“Tsu dir, tsu dir dos glezele vayn” Performed by George (Getsl) Ribak

Commentary by Itzik Gottesman

Singer George (Getsl) Ribak was born in Dvinsk, Latvia, and died in 1979 at age 93. He sang Yiddish songs in public at the local JCC.

George Getsl Ribak

The recording was made in the 1960s by Ribak’s granddaughter Cheryl Cohen of Sarasota, Florida. It is one of several songs sung by her family that Cohen sent to Bob Freedman (of the University of Pennsylvania’s Robert and Molly Freedman Jewish Music Archive), and Bob sent it to me.

I do not know this short drinking song, which Getsl Ribak sings with much gusto. According to Chana Mlotek, collector, YIVO archivist and author of Yiddish songbooks, the song originates from the early Yiddish stage, and she will write about this version in her next column in the Forverts newspaper.

Ribak’s melody and rhyming schemes seem a little off. In parentheses I wrote what I believed to be the “correct” ending, grammatical form or dialect pronunciation. Clearly “glik” should rhyme with “kik”, not “kuk” for example.

After the original posting, Cheryl Cohen wrote to provide some additional biographical information:

My grandfather George (Getsel) Ribak was born in Dvinsk, Latvia. He fled  before being drafted in the Czar’s Army to Capetown, South Africa. He became a British citizen while working  in the shoe making trade. He later fled to avoid the Boer War. He was in England, then in Canada, then finally to the United States. He lived with his wife Rose (Rochel Swirsky) in Chattanooga, TN, where he was in the meat market business. I think he also did house painting in Detroit. He and his wife finally settled in Bridgeport, Connecticut where he had a second hand clothing store. He would  take the train into New York and make his purchases there, I believe.

He and his wife raised 3 children, one of which was my mother. I remember spending weekends in their apartment, listening to WEVD, and seeing the Foverts newspaper.  He loved to sing songs in Yiddish, Hebrew, and English with me for fun but he really enjoyed performing at the Jewish Community Center in Bridgeport for various events. He was not a professional singer but had a very strong and pleasant voice. He even performed at the Jewish Home for the Elderly in Fairfield, CT. while he was a resident there. He wanted everyone to be freylach!

In dir, in dir, du glezele vayn,
In dir, in dir, mayn gantser (gantse) glik.
Ven ikh vil mir freylekh zayn
Damolts gib ikh af dir a kuk.(kik)

In you, in you, you glass of wine,
In you, in you, my whole fortune.
When I want to be happy
Then I take a look at you.

Tsu dir tsu dir, hob ikh lust.
Du bist di nekhome
fun mayn neshome.

For you, for you I lust,
You are the comfort
of my soul.

Af kapores darf ikh gelt
A riekh in dos (dem) gelt arayn.
Ikh lakh mir oys fun der gantser velt.
Nor tsulib dir du glezele vayn.

I have no use for money
The devil take the money!
I laugh at the whole world,
because of you my glass of wine.

3 Responses to ““Tsu dir, tsu dir dos glezele vayn” Performed by George (Getsl) Ribak”

  1. itzik gottesman Says:

    Dovid Braun has sent these comments:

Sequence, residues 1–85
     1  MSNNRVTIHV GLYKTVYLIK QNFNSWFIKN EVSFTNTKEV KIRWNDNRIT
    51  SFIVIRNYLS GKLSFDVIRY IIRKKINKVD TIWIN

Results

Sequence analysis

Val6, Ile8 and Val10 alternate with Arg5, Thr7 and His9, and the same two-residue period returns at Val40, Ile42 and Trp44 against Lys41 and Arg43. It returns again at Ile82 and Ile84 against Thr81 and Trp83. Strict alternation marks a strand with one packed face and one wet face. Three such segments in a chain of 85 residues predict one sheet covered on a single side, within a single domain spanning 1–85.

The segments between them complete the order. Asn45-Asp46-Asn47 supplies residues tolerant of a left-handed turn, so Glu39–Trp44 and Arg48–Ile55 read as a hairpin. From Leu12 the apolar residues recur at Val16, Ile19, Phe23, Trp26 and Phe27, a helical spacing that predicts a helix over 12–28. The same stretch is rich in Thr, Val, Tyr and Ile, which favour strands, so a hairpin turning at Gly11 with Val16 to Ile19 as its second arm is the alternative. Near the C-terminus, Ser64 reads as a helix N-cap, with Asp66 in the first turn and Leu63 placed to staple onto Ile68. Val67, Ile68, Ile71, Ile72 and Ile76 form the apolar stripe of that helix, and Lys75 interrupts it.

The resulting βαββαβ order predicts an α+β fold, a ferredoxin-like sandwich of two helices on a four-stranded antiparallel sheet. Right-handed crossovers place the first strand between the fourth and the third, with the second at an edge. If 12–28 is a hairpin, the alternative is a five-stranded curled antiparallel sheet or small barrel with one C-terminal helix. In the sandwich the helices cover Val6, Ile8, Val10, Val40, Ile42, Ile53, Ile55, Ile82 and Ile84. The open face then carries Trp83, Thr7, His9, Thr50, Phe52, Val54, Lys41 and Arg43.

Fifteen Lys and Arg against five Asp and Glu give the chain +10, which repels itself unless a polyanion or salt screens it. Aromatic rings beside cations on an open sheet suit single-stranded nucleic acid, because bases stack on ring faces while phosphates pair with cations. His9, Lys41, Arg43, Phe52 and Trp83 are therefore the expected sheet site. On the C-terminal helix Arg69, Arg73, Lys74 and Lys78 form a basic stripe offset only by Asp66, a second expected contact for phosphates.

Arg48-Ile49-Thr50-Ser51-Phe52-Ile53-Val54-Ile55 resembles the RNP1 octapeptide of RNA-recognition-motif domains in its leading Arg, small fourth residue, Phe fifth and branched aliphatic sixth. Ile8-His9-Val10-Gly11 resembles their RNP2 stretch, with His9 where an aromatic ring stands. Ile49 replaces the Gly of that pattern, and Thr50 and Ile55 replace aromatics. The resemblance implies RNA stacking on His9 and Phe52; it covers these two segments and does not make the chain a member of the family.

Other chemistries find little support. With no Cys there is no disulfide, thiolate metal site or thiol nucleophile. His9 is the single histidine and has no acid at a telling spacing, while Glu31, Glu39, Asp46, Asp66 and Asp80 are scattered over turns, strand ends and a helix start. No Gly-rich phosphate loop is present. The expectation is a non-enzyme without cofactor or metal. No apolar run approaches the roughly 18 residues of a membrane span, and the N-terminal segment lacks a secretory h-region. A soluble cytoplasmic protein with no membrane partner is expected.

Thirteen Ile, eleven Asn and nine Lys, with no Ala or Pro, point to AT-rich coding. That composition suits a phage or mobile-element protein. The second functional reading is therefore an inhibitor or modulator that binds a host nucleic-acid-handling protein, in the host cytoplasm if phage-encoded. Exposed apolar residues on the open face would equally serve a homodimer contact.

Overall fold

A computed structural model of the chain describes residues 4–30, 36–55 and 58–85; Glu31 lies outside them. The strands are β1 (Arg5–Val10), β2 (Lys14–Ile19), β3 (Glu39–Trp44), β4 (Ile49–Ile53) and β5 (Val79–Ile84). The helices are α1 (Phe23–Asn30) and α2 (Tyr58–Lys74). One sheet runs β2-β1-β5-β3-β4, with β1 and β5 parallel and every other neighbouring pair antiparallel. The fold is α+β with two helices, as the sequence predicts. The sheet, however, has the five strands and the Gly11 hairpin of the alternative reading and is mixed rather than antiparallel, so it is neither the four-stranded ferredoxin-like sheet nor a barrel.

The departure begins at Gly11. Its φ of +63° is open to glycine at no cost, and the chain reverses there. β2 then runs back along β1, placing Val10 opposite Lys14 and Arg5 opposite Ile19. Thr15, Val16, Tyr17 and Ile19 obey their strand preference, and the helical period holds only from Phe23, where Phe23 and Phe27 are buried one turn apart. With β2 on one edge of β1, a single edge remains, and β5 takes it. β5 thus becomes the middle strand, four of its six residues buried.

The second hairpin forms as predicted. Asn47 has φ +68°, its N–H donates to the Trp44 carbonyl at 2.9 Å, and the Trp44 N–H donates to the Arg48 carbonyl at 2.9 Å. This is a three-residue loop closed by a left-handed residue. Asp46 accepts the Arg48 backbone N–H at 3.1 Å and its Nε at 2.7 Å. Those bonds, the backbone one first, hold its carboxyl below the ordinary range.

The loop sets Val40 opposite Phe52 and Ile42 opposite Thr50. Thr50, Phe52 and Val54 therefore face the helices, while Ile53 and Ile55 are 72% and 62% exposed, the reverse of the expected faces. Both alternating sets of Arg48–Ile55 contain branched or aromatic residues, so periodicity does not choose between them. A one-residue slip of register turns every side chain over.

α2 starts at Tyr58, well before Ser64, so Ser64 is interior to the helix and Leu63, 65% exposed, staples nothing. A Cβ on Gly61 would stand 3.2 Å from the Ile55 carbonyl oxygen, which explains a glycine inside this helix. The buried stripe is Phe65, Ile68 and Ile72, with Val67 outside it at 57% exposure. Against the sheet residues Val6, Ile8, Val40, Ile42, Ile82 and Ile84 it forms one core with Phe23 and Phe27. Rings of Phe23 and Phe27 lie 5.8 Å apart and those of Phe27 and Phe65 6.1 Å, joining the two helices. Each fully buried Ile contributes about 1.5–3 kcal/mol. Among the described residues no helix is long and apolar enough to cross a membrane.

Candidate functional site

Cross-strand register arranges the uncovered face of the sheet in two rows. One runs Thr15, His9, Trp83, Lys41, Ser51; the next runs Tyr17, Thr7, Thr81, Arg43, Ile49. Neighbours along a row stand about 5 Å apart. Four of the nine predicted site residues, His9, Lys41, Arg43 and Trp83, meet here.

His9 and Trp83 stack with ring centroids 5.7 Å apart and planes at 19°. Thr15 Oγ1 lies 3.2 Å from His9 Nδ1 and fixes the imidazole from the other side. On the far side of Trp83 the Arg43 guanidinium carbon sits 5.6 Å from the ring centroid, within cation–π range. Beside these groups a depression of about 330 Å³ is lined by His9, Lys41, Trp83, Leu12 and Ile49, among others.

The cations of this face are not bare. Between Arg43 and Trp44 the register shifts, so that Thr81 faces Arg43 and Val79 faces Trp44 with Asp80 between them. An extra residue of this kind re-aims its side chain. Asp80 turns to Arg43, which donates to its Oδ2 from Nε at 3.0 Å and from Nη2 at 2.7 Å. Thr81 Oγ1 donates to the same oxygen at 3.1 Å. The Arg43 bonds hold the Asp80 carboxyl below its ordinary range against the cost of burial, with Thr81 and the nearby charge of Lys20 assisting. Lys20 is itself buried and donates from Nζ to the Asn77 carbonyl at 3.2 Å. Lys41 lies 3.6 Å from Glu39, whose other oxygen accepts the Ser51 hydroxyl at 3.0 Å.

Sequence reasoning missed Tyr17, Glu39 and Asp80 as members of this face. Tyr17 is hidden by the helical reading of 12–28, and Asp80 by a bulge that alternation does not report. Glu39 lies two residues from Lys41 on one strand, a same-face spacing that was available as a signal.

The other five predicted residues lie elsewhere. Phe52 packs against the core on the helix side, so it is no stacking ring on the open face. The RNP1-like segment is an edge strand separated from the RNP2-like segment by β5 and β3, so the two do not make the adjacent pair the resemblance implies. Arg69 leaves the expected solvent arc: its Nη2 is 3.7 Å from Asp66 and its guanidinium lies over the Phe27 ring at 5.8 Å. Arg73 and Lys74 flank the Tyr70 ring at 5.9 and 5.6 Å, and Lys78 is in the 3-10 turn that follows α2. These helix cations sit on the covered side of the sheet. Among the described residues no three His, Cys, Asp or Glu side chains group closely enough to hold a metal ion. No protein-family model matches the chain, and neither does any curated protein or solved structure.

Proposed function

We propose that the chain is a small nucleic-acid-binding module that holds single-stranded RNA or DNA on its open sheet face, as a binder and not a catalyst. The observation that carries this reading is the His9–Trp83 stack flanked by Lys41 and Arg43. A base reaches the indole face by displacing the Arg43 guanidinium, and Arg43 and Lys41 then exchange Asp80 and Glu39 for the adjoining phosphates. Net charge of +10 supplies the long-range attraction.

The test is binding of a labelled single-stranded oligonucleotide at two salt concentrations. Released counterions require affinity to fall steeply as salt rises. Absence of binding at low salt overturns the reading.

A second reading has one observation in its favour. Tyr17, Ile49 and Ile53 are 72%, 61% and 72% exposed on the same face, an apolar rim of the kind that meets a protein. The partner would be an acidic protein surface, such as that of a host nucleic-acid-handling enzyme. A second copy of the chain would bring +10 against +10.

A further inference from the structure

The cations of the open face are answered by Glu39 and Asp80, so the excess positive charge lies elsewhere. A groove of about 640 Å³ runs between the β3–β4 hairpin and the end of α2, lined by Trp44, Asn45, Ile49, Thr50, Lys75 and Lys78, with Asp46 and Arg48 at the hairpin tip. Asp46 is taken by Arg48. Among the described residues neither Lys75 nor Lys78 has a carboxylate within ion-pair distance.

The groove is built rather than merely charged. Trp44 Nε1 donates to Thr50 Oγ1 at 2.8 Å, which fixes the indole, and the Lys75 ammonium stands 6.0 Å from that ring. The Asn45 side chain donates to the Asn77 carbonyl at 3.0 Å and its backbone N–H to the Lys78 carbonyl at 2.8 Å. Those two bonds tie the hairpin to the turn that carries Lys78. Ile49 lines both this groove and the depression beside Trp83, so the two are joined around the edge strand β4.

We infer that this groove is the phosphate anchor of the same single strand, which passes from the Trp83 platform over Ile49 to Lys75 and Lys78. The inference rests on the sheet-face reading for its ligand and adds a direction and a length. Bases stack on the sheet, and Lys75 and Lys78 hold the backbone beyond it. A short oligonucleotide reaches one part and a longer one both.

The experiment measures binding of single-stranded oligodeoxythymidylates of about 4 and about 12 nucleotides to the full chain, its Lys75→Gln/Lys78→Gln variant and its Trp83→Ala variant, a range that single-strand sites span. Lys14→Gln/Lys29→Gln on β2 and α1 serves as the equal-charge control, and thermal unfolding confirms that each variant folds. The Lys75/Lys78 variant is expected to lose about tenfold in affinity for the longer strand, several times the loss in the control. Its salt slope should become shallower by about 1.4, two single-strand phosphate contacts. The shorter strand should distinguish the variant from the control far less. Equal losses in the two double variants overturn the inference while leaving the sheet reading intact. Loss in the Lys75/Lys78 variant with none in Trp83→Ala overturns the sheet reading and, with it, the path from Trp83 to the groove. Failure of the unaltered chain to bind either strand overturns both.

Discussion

ribaks gramen un gramatik zaynen reyn “litvish”, afile eyn “toes” iz a hiperkorektkayt vos nor a litvak ken aroysbrengen.
    mayn gantsER glik — _glik_ iz maskulin in litvishn dialekt.glik ~ kuk — der zinger iz nit mesugl tsu gramen di beyde vayl zey gramen zikh poshet nit in zayn dialekt. kentik vos der gram “volt gedarft zayn”, un dos iz a simen az dos lid iz geshafn gevorn mekhuts litvisher teritorye: dos lid ken der zinger oder fun der nayer heym (mekhuts deneborg/dvinsk un der “litvisher” teritorye fun zayne kinder-yorn, heyst es), oder iz dos lid farkrokhn tsofndik fun a doremdikn geboyrn-ort. du biNst di nekhome — faktish zingt er [binst] un nit [bist], oykh a regyonale litvishe forme.a ruekh in dos gelt arayn — faktish zingt er [ruekh] (nit “riekh”), konsekvent mit zayn dialekt, un “in dos gelt” ken nor zogn/zingen a litvak vos bahersht nit dem neytral. dos iz a hiperkorektkayt: der litvak hot nit keyn neytraln artikl _dos_, nor az er prubirt (tsulib bakantshaft mit andere dialektn, tsi bakantshaft mitn geshribenem loshn — “di literarishe shprakh”, tsi a mol oykh bakantshaft mitn neytraln min fun daytshish) nokhtsumakhn a reydenish vos hot ye _dos_ vi an artikl, veys er ober nit vi azoy rikhtik tsu beygn dem artikl, s’heyst: es felt em di fule paradigme (d”h: az der artikl _dos_ iz neytral in nominativ un akuzativ ober *nit* in dativ). az me shtelt dem lid a titl, volt er agev gedarft zayn “…du glezele vayn” un nit “dos glezele vayn” vayl dos letste volt nit miglekh geven bam litvak ribakn.
    dayn dovid braun

  2. itzik gottesman Says:

    Following this blog entry, Chana Mlotek, archivist at YIVO, wrote about the song in her “Perl fun der yidisher poezye” column in the Forverts, May 6-12, 2011, page 10. She writes that the words appear in the collection “Di yidishe bine, a zamlung fun lider un deklamatsionen fir gramafon”, Warsaw, 1910, p. 70. The song was performed in N. M. Shomer’s play “Bal-tshuve”.

  3. Yitskhok Gottesman Says:

    Thanks to Jane Peppler we can now identify the author of the song Solomon Shmulevitsh (Small). At the Library of Congress, a cylinder recording exists of him singing this song. Here is the link to that early version.
    [audio src="https://stream-media.loc.gov/recordedsound/yiddish-cylinders_dos-biselle-mashke.mp3" /]

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